There — against the backdrop of a lake where Indigenous peoples have long sought healing and the chance to commune with nature — the pope again paid tribute to the elderly, alongside of the other signature themes of his papacy: care of the environment.
"Here, immersed in creation, we can also sense another beating: the maternal heartbeat of the earth," said Francis. "Just as the hearts of babies in the womb beat in harmony with those of their mothers, so in order to grow as people, we need to harmonize our own rhythms of life with those of creation, which gives us life."
Prior to beginning his remarks, the pope, who has continued to use his wheelchair throughout this trip due to knee pain — prayed on the lake shores, a place Indigenous peoples have long held to have miraculous healing waters.
The pope recalled that the setting was not dissimilar to that of Lake of Galilee, where Jesus ministered during the first century and preached the radical Gospel messages of acceptance and nonviolence.
"God chose that richly diverse context to announce to the world something revolutionary: 'Turn the other cheek, love your enemies, live as brothers and sisters so as to be children of God,'" said Francis.
Those same lessons, he said, have been embraced and lived out by the Indigenous who for over a century have gathered at the lake in an "unprecedented proclamation of fraternity."
"Here, on the shores of this lake, the sound of drums, spanning the centuries and uniting different peoples, brings us back to that time," said Francis, surrounded by a crowd of survivors, elders and other Indigenous peoples, many of whom were adorned in traditional regalia.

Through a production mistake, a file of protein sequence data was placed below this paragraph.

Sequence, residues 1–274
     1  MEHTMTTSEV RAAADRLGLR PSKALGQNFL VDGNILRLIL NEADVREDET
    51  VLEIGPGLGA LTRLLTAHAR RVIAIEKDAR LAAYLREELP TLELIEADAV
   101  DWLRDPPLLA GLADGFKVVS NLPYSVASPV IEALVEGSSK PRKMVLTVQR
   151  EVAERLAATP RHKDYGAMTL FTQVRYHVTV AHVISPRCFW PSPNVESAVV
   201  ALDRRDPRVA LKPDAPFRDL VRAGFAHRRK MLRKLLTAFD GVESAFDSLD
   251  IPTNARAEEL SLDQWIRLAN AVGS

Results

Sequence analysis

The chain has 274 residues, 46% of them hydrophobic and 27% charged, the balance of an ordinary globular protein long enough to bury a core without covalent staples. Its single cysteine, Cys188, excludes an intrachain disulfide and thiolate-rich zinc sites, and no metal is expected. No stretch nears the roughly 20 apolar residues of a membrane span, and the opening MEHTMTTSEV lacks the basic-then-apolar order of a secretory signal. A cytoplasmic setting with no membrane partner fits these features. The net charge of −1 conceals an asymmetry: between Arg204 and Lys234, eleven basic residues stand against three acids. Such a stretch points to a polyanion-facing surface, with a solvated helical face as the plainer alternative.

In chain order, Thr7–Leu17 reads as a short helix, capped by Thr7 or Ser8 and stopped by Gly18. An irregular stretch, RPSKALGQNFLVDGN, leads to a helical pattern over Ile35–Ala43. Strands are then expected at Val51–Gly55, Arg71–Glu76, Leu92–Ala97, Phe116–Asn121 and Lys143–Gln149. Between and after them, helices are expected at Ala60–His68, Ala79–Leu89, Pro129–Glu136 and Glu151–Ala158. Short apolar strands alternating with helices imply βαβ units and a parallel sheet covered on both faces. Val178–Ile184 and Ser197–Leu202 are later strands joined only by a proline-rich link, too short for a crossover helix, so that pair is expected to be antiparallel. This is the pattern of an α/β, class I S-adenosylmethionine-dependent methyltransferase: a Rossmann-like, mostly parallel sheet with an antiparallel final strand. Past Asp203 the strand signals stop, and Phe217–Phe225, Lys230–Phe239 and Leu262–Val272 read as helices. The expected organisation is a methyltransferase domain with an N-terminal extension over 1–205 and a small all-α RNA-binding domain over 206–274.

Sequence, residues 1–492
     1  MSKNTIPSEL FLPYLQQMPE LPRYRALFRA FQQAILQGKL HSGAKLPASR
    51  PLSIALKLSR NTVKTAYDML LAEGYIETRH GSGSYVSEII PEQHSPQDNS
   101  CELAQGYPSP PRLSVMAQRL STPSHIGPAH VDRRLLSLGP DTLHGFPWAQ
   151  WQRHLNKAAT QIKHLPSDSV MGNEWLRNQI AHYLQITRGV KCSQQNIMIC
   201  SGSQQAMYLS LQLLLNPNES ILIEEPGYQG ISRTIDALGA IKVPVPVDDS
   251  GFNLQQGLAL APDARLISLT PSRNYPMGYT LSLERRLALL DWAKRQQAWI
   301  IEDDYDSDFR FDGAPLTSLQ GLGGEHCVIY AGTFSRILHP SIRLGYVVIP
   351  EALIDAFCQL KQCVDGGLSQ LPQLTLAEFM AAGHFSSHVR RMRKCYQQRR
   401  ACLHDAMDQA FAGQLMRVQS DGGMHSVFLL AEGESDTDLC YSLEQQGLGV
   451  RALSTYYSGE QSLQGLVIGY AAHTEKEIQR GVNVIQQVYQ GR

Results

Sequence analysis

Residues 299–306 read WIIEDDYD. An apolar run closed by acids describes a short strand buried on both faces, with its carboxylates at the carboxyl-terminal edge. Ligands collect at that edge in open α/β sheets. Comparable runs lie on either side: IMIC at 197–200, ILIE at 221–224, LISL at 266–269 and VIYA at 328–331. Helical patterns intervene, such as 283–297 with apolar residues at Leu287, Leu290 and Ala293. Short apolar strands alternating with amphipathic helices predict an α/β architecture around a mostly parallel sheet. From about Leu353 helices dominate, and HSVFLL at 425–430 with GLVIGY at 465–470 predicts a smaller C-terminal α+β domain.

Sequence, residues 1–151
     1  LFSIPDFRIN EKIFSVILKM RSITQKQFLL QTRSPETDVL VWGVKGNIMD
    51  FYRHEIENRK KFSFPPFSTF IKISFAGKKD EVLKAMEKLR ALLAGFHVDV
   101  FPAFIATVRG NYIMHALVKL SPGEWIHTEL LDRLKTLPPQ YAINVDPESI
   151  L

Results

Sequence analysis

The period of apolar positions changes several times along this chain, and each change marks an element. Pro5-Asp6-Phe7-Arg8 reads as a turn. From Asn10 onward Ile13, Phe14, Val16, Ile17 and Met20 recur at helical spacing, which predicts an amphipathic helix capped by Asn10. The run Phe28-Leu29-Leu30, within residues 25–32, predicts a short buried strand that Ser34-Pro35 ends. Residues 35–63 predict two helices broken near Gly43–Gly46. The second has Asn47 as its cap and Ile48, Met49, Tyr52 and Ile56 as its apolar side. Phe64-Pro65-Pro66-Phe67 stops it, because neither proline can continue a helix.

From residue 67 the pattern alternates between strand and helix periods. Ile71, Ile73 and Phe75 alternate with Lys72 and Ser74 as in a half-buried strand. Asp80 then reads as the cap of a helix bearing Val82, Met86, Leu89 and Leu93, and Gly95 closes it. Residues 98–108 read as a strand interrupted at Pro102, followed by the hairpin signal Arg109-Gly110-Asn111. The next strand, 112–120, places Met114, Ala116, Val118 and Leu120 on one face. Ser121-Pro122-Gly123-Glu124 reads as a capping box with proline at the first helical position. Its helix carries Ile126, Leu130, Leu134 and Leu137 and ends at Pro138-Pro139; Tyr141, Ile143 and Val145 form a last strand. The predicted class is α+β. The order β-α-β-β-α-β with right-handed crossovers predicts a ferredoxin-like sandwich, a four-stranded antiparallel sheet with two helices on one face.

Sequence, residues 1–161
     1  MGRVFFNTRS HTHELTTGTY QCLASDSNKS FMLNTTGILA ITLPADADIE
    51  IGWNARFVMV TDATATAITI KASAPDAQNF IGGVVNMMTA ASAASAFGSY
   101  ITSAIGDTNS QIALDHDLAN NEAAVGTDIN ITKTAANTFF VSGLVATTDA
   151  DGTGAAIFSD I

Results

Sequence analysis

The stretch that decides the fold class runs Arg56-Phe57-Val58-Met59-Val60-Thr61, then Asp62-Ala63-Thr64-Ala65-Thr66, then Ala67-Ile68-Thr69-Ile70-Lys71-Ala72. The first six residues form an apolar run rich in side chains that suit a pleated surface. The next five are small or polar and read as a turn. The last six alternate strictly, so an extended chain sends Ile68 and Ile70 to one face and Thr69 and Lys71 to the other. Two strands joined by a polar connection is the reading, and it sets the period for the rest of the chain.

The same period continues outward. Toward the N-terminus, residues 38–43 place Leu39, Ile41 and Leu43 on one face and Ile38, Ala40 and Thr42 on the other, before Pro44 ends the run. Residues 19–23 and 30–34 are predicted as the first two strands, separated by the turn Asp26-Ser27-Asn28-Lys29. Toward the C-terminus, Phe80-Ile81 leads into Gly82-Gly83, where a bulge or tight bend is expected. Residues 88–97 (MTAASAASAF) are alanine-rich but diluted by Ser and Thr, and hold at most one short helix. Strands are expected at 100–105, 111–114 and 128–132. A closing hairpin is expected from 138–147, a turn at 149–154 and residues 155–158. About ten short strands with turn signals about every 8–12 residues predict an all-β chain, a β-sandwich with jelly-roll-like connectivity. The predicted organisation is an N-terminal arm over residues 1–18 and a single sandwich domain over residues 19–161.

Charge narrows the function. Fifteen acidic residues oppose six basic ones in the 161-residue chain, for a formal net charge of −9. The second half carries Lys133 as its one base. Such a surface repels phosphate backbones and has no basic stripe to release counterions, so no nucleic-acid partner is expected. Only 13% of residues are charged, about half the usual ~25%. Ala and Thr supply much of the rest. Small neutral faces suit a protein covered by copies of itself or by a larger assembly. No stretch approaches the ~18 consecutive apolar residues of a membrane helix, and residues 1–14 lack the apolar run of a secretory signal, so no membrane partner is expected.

"It reminds us that fraternity is genuine if it unites those who are far apart, that the message of unity that heaven sends down to earth does not fear differences, but invites us to fellowship, in order to start afresh together, because we are all pilgrims on a journey."
Pope Francis blesses the crowd as he participates in the Lac Ste. Anne pilgrimage and Liturgy of the Word at Lac Ste. Anne, Alberta, July 26, 2022. (CNS photo/Paul Haring)
Ahead of the pope's arrival, Greg Stanwood, a Métis pilgrim to the event, told NCR that he believed the pope's presence at the lake was a sign of his "sincerity" to journey together with the Indigenous, but that the real work of reconciliation would begin after the event and the pope's time in Canada comes to an end.
Those sentiments were echoed by Rose Tsannie, who made a two-day road trip from Wallston, Saskatchewan, to bring her 73-year-old mother, a residential school survivor, to see the pope in person in Alberta.
Despite traveling to Lake St. Anne on a regular basis for the past three decades, she said "my heart is just pounding. I've never seen anything like this here."
"My mother does not want to talk about her time in the residential schools or discuss with us this trip, but being here is important for her and us," she told NCR.
As the pope concluded his remarks, he prayed that both the lake and his visit would be a continued means of healing and righting past wrongs against the original inhabitants of the land.
"We bring to you our weariness and our struggles, the wounds of the violence suffered by our indigenous brothers and sisters," said Francis. "In this blessed place, where harmony and peace reign, we present to you the disharmony of our experiences, the terrible effects of colonization, the indelible pain of so many families, grandparents and children."
"Help us to be healed of our wounds," the pope implored.
Francis will continue his "penitential pilgrimage" through Canada on July 27, when he is scheduled to depart Edmonton and arrive in the French-speaking Quebec City.
Editor's Note: This story was updated after original publication to include reporting from the pope's second event in Canada on July 26.